Click here to load reader
Click here to load reader
Jun 24, 2020
Keep up to date with the latest news: @TrinitySeniorSc and @Prepheadtrinity
Senior Voice There seems a certain amount of irony that at the end of the longest term in the academic year, the greatest level of anticipation, excitement and emotion occurs. The last couple of weeks of term have been a blur with so many events – major to lower key – being prepared, put into place and showcasing the school and most importantly our fantastic pupils. This in addition to the day to day learning and activities that are all part of ‘Trinity Life’. The Senior Carol Service on Thursday was a true celebration of Christmas and an opportunity for us all to reflect. I am as guilty as anybody of getting caught up in the commercialism of Christmas and stresses associated. However, when you have a service such as yesterday with all members of the community contributing beautifully (including the roof raising organ playing of nationally acclaimed David Davies), you end up with a warm glow of pride and contentment. It is at times like this that you realise how much you need and value your friends and family. Without them it is easy for our less desirable aspects to come out. Real ‘friends’, whom we trust and love, see past our worst side and see the best in us, but more importantly, bring out the best in us. Spend time with these people this Christmas and enjoy them and being with them. Have a fabulous Christmas and I hope it is full of laughter, time to relax and reflect and obviously great presents – in what ever form they may come!
Christingle Lights Up The Chapel
The first Sunday of Advent saw the School swing into our spiritual preparation for Christmas. Our Christingle service saw the chapel bursting at the seams with pupils from across the Trinity Family (Prep Lodge to Upper Sixth). Whilst the pupils were making Christingles in the Refectory before the service, parents enjoyed mulled wine and mince pies together. The service was led by Josh Trickett in the Upper Sixth (Chapel Prefect), who helped all present prepare themselves for the season of Advent. Thanks to all the pupils and staff involved in the preparation and running the service and events, especially Mrs Davies and Mrs Arkell.
At the end of a week of freezing temperatures and strong winds, St. Michael’s Church in Teignmouth was warmed by the Senior Department Carol Service. The service brought together Prep 5 and 6 and the Senior School in a celebration of the Christmas Message. The atmosphere in the church was amazing with the School’s voices filling the beautiful church. With contributions from Prep and Senior pupils as well as staff and Governors it was a Carol Serivce to remember. Jero Zhang’s rendition of Silent Night made everyone hold their breath in awe. Our thanks to St. Michael’s Church for letting us use the church, Rev Rodderick and Father Mark for leading the service as well. Special thanks to Mr Larkman and Mrs Arkell (Director of Music) for planning and rehearsing such an inspiring and warming service. We stepped out into the cold wind with an inner Advent glow.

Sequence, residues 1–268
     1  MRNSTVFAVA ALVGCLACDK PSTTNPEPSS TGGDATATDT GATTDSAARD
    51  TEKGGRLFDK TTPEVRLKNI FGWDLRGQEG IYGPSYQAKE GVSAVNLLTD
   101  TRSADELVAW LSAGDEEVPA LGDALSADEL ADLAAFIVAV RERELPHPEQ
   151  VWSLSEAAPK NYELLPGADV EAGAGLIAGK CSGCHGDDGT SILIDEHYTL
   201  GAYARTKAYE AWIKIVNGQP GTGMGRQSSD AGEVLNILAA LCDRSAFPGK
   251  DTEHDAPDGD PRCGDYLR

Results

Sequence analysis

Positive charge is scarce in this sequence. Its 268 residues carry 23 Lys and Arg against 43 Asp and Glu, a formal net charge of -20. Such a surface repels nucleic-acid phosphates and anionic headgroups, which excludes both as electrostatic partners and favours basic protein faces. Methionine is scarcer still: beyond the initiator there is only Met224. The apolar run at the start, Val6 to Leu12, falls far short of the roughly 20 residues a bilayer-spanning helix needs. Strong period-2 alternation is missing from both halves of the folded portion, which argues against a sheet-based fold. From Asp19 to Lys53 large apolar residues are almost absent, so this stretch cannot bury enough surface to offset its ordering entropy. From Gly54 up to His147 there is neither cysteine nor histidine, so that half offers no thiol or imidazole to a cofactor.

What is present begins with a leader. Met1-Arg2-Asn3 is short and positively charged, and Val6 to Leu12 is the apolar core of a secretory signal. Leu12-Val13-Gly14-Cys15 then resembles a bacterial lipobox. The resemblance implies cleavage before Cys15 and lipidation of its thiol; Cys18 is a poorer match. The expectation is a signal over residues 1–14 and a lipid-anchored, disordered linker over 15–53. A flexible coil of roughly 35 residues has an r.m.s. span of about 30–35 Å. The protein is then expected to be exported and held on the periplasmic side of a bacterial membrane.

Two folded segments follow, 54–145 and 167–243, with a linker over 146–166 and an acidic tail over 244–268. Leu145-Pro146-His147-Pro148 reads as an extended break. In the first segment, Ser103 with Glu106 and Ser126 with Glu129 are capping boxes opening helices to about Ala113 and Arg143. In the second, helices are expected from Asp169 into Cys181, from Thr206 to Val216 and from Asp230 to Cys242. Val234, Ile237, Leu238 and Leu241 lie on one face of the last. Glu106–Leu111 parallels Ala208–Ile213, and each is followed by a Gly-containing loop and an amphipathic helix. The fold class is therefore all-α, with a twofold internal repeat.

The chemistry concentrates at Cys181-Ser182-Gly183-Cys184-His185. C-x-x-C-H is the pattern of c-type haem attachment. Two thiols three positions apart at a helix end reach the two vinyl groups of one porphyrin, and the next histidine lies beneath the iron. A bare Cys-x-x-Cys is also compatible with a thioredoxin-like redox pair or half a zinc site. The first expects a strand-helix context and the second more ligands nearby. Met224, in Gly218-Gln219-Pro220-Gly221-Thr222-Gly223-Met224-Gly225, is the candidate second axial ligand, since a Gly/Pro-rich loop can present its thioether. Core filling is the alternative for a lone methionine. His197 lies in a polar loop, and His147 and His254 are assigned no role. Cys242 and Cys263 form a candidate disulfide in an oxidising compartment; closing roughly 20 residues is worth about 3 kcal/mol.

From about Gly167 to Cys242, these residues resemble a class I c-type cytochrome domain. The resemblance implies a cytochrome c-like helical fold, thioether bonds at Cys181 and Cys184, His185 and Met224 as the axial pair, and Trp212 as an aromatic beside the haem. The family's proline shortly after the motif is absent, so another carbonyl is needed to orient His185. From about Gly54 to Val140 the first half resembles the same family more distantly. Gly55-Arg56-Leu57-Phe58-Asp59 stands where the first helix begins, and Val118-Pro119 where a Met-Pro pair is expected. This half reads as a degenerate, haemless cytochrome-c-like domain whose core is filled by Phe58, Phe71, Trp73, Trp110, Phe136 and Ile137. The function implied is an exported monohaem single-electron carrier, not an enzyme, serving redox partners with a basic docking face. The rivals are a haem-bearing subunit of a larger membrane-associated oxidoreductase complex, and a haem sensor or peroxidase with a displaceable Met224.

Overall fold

Our Digital Footprint Key Stage 3 classes have been considering their digital footprints, specifically how they may impact them in the future. It has recently been reported in popular media that Jack Maynard (a ‘You Yuber‘ popular among young people) has left the television programme ‘I’m a Celebrity Get Me Out of Here’ due to the digital footprint that he left online as a teenager. “A digital footprint is a trail of data you create while using the Internet. In includes the websites you visit, emails you send, and information you submit to online services.” techterms.com. Using this real world example pupils have been debating questions such as “Do you think that it is fair to judge someone on what they said on social media when they were under 18?” and “What advice would you give to a friend about their digital footprint who wants to be famous and one day be in ‘I’m a Celebrity Get Me Out of Here’?”. At home parents can use similar news stories as conversation starters to help young people understand that their online activity could have negative consequences later in life.
Christmas Jumper Day Raises £400 For Local Dawlish Charity
Year 11 swung into action to bringing some Christmas cheer on a bitterly cold Monday. Key Stage 4 identified Richard’s Wish as their local charity and the money they raised from Christmas Jumper Mufti and a stellar ‘Bring and Buy’ event at break time will be a welcome gift to the charity. Richard's Wish works with young people who are going through cancer treatment. In these difficult times the charity offers hope in the form of making a wish come true. We hope this gift will help others wishes come true.